Research Group: Vision Feedback for Micro- and Nanohandling
At micro- and nanolevel, manipulation- and assembly procedures require continuous feedback from ongoing processes. Integrated sensors are very helpful but can only deliver incomplete process data. Additionally there is indeterminacy caused by effects such as thermal expansion, backlash or force effect. The researchgroup 'Vision Feedback for Micro- and Nanohandling' works on the extraction of sensor information from image data with the objective of process automation. Several imaging modalities are employed, including CCD-cameras, optical microscopes, scanning electron microscopes and medical imaging devices.
- Object tracking and depth estimation
- Object recognition and classification
- 3D Image Processing
- Magnetic resonance imaging and propulsion
The research area object tracking is dealing with the development of real-time algorithms for the tracking of moving micro and nano objects, like micro grippers or manipulated carbon nanotubes, in noisy Scanning Electron Microscope (SEM) video streams. In particular the use of a SEM makes high demands on the image processing. High update rates of the pose data enforce a short image acquisition time of the SEM images. Hence the image noise increases, because frame averaging or averaging of the detector signal is time consuming. Therefore algorithms with high robustness against noise with real-time capability are needed. Mobile microrobots with piezo slip-stick actuation and more than one degree of freedom mostly do not have internal pose sensors. One possibility for fast pose estimation with a high accuracy is the application of video cameras. If accuracy in the micrometer or even in the nanometer range is required, a light microscope respectively a scanning electron microscope (SEM) is needed. Robust object tacking algorithms are required for fast and accurate pose estimation.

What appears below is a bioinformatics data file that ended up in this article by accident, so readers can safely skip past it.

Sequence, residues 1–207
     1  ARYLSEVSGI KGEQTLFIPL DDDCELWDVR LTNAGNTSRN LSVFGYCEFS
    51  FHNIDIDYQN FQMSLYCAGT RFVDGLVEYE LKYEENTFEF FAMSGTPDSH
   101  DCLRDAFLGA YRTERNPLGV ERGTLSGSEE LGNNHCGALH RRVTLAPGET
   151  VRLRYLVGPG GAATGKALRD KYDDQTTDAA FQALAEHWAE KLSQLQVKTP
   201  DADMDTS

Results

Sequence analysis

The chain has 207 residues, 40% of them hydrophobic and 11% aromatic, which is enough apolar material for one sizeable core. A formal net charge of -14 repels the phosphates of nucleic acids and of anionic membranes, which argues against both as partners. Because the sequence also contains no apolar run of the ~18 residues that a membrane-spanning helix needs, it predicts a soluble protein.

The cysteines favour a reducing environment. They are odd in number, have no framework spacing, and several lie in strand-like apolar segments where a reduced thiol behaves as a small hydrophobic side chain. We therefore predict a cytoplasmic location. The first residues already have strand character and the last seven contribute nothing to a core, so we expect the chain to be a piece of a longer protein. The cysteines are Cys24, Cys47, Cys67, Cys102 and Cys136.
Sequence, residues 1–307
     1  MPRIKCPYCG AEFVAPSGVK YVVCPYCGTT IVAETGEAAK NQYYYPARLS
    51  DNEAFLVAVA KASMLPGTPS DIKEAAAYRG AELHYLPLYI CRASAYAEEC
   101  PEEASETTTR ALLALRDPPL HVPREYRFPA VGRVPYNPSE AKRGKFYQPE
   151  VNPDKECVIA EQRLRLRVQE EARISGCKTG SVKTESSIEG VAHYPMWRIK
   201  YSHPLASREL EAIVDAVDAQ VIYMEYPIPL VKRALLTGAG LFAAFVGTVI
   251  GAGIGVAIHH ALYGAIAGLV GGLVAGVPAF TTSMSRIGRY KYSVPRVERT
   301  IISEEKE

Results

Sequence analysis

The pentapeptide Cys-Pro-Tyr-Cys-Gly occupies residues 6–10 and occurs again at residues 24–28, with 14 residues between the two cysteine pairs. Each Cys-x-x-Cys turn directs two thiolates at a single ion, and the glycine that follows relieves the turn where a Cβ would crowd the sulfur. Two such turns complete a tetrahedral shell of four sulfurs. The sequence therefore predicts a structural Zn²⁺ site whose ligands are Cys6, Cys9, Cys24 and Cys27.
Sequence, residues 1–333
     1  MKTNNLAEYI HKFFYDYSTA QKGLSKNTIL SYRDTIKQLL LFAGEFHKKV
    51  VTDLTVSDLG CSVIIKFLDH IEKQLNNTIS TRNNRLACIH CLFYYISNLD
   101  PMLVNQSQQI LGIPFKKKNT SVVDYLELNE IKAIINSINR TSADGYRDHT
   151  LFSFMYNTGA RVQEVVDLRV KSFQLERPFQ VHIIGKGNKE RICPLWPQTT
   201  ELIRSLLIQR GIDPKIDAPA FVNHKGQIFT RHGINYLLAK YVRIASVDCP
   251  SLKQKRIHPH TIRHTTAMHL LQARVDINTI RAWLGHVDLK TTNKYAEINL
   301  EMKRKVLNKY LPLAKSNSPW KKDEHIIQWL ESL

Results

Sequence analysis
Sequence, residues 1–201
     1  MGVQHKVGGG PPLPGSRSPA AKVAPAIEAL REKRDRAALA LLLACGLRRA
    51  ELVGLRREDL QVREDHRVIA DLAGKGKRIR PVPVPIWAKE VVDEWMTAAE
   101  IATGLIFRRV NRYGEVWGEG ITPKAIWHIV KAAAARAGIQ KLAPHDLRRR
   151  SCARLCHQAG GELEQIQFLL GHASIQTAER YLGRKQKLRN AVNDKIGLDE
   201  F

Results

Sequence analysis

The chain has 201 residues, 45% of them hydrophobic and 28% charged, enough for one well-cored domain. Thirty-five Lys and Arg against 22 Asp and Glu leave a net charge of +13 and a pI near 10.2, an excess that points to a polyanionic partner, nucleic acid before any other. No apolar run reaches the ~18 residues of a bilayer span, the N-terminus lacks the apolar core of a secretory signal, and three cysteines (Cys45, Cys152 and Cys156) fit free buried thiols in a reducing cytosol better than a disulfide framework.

Figure 1: Microgripper and carbon nanotube. The gripper position can be calculated well
using the active contour. Depth information is only available after 3D imaging.
Video 1: AFM cantilever in bending experiment. An active contour fits
to the cantilever shape and allows reconstruction of the bending curve.
The goal of pattern recognition in general is the automatic classification of signals. Current research projects at the Division Microrobotics and Control Engineering incorporate plenty of interesting applications of pattern recognition. For instance defect work pieces or tools may be sort-out before microassembly. Basically pattern recognition may be subdivided into the extraction of relevant features (especially from image data) und the process of classification itself. Our research activities cover both topics.
During feature generation from microscopic images problems arise that require consideration of the particular method of image acquisition. This includes the limited depth-of-focus in light microscopy and the special properties of noise in scanning electron microscopy. Various feature selection strategies are applied
Classification is a mathematical problem with a large number of proposed solutions. The approach of Support Vector Machines is of special interest for our purposes. Latest object of research is the utilization of additional process data in the optimization procedure.
Figure 2: Oocytes in capillary tube. Oocyte shape as well as the peculiarity of animal- and vegetal pole are detected automatically and allow conclusion of oocyte viability.
Contact person: Tim Wortmann
In micro- and nanotechnology, handling and manipulation processes are important. Due to the size of the structures, Scanning Electron Microscopes (SEM) are employed. For precise handling, there is a need to know the position of the objects and the tools in all three dimensions of space. For solving this problem, the 2D information of SEM images is not sufficient. There is a need for 3D information. By means of tilting the sample table or tilting the electron beam by a special lens system, pairs of stereoscopic images can be generated. With such images the third dimension (relative depth) can be determined. Until now, in most of the cases, only area-based algorithms for surface reconstruction have been used in SEM. Area-based algorithms are not suited for the observation of technical handling processes in an SEM. The reasons for this are the pixel accuracy of the results (disparity maps), the lack of noise reduction in low-texture regions of the calculated disparity maps and lack of invariance to contrast differences between the input images. Therefore, in AMiR a 3D-imaging system using beam tilting and based on biologically motivated stereoscopic methods is being developed. This system calculates a high density disparity map in sub-pixel accuracy and is optimized for the observations of technical processes in an SEM.